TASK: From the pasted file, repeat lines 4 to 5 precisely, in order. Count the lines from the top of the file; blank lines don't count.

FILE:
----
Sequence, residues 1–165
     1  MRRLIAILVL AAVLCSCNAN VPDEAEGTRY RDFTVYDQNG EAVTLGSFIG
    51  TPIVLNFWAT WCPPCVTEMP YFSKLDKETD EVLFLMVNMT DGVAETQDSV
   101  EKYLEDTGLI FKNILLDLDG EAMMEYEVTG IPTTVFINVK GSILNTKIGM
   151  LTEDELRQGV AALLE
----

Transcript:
   101  EKYLEDTGLI FKNILLDLDG EAMMEYEVTG IPTTVFINVK GSILNTKIGM
   151  LTEDELRQGV AALLE